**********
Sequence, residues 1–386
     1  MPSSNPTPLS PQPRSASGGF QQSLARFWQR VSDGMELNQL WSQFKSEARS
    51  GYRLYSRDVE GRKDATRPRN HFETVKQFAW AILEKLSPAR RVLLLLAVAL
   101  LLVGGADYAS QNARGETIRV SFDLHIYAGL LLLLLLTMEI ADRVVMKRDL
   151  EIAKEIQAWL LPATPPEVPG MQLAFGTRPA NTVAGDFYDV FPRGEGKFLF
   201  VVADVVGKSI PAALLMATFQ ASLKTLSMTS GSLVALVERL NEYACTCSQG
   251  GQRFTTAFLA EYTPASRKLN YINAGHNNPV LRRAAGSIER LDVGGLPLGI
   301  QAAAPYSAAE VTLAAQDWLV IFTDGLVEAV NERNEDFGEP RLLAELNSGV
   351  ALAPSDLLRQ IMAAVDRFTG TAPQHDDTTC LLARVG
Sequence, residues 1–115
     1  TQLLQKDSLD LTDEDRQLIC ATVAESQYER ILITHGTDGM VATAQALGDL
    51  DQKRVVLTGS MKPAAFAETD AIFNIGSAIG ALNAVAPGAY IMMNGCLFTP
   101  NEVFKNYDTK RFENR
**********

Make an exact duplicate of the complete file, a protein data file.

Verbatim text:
Sequence, residues 1–386
     1  MPSSNPTPLS PQPRSASGGF QQSLARFWQR VSDGMELNQL WSQFKSEARS
    51  GYRLYSRDVE GRKDATRPRN HFETVKQFAW AILEKLSPAR RVLLLLAVAL
   101  LLVGGADYAS QNARGETIRV SFDLHIYAGL LLLLLLTMEI ADRVVMKRDL
   151  EIAKEIQAWL LPATPPEVPG MQLAFGTRPA NTVAGDFYDV FPRGEGKFLF
   201  VVADVVGKSI PAALLMATFQ ASLKTLSMTS GSLVALVERL NEYACTCSQG
   251  GQRFTTAFLA EYTPASRKLN YINAGHNNPV LRRAAGSIER LDVGGLPLGI
   301  QAAAPYSAAE VTLAAQDWLV IFTDGLVEAV NERNEDFGEP RLLAELNSGV
   351  ALAPSDLLRQ IMAAVDRFTG TAPQHDDTTC LLARVG
Sequence, residues 1–115
     1  TQLLQKDSLD LTDEDRQLIC ATVAESQYER ILITHGTDGM VATAQALGDL
    51  DQKRVVLTGS MKPAAFAETD AIFNIGSAIG ALNAVAPGAY IMMNGCLFTP
   101  NEVFKNYDTK RFENR